People with ADHD are at risk of partaking in dangerous habits, like gambling or drug use, than the general population. Sarkis says these kinds of behaviors help "raise the low levels of dopamine, serotonin, norepinephrine, and GABA in the ADHD brain. However, the drawbacks are immense and damaging." Meyer stresses, though, that risky behavior alone does not point to ADHD.
People with ADHD are more likely to be have a hard time staying committed in relationships than the general population. Part of it is the thrill-seeking and novelty-seeking aspect, as risky behavior boosts dopamine. "There are also some gene mutations that make some people with ADHD more prone to risky sexual behavior than others," says Sarkis.
But Meyer adds that going through with an affair isn’t always the goal of someone with ADHD. Instead, they might be more likely to flirt due to low self-esteem, which can be a result of feeling insecure as a partner. For example, Meyer says, someone with ADHD might forget to get their partner an anniversary present, but that it wouldn’t be a reflection of how much they love their partner, rather, a result of an overtaxed mind that forgot, or was simply focused on something else. "They might see this as a moral failure," Meyer say. A build-up of these scenarios might make it hard for someone with ADHD to feel like they are capable of being the kind of partner they might want to be.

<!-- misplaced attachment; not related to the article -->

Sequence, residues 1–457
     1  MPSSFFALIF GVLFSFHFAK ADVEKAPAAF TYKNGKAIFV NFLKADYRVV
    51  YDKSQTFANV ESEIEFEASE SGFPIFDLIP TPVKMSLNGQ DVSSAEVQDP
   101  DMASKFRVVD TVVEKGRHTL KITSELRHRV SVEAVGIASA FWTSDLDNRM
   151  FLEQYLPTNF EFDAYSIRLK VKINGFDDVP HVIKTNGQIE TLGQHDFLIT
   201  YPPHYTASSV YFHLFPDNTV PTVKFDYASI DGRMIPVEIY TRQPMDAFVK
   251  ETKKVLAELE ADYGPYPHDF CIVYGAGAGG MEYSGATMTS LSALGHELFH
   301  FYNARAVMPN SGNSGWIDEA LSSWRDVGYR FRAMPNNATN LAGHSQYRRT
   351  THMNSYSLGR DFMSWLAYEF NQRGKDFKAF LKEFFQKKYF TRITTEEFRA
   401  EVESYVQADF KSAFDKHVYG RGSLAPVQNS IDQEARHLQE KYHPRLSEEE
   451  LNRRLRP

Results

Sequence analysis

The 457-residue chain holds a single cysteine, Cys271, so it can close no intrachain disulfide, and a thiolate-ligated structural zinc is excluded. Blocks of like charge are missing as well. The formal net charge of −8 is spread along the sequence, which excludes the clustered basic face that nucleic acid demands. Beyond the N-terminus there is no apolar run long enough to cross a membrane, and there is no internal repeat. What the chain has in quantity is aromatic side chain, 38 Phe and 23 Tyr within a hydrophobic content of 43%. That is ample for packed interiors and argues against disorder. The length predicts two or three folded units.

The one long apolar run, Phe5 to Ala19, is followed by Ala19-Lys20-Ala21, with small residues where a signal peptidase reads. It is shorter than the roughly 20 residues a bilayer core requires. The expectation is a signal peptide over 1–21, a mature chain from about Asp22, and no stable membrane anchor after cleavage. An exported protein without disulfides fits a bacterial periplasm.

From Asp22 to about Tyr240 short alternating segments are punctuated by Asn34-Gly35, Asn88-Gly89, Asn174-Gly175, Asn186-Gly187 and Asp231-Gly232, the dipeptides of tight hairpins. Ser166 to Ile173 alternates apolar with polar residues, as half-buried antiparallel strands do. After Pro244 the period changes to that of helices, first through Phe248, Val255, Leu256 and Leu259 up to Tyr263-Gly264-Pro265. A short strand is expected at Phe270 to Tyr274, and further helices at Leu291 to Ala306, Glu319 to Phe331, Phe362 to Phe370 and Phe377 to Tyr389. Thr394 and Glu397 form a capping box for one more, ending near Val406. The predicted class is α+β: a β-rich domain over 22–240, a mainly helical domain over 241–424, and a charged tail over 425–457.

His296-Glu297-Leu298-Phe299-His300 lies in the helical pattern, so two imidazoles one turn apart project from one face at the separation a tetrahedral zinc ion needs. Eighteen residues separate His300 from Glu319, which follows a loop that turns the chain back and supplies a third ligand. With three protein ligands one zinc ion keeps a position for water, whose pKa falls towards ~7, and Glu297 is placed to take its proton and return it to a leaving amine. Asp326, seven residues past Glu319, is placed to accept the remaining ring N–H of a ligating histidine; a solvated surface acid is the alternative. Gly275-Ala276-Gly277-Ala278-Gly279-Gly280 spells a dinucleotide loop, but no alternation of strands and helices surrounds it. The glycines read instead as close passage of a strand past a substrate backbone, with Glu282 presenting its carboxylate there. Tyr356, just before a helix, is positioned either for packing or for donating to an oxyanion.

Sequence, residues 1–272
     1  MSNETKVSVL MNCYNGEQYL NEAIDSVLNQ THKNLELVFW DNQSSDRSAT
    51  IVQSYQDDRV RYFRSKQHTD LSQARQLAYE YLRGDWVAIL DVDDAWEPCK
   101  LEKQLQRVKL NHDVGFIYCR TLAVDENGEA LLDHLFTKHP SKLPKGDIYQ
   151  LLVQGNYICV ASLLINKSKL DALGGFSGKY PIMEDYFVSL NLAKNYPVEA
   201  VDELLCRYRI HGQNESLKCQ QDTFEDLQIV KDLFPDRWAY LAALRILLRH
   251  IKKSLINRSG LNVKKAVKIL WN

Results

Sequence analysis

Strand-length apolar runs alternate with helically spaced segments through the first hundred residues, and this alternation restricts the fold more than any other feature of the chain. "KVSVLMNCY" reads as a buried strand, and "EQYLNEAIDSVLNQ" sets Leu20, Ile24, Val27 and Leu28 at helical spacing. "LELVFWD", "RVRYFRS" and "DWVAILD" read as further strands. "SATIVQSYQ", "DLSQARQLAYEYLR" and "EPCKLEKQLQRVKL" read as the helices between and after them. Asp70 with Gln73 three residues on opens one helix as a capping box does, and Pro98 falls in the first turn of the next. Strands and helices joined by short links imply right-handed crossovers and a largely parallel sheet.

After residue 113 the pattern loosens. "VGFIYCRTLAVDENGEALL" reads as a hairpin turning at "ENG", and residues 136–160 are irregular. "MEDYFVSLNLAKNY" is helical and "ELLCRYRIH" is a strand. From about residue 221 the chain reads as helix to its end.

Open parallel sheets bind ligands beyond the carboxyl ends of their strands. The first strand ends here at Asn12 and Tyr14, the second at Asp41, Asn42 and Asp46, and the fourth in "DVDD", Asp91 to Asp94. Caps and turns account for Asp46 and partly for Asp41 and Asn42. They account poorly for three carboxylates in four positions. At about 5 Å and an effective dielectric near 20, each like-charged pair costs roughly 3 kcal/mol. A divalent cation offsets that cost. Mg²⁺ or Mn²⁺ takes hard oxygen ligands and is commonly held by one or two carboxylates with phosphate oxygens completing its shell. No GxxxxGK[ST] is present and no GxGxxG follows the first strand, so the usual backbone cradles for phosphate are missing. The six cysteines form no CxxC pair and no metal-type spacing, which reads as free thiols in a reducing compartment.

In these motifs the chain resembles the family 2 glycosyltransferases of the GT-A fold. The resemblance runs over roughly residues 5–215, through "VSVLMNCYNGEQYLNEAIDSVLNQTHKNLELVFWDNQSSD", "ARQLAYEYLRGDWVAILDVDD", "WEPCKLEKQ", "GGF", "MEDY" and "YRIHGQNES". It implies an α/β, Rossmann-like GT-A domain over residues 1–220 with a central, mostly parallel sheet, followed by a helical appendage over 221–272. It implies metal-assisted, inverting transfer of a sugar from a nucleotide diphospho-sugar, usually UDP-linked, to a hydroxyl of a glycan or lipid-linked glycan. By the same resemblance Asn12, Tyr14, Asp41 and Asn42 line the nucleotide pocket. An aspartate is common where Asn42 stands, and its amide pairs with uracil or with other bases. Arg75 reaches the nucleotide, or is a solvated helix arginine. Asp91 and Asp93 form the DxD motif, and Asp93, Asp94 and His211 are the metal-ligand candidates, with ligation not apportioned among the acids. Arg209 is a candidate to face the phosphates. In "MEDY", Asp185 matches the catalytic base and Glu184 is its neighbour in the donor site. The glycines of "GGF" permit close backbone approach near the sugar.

"People with ADHD have an ‘interest-based’ nervous system and respond strongly to novel experiences," says Dr. Walsh. "Over time, sex, especially with a regular partner, may not be as much of a mental puzzle. This doesn’t necessarily indicate a lack of interest in the partner — just a need to vary it up a little." Meyer explains that people with ADHD often cannot slow down their minds enough to enjoy sex, or even focus on it, as they are thinking of other things and not in the moment.
While some people with ADHD may experience these signs, others might not, and none of these symptoms definitively point to having ADHD. Only a doctor can provide a diagnosis after a proper evaluation.
Dr. Laura L. Walsh, Psy.D, psychologist
Stephanie Sarkis, Ph.D, clinical psychotherapist and ADHD expert
Harold Meyer, therapist and founder of The ADD Resource Center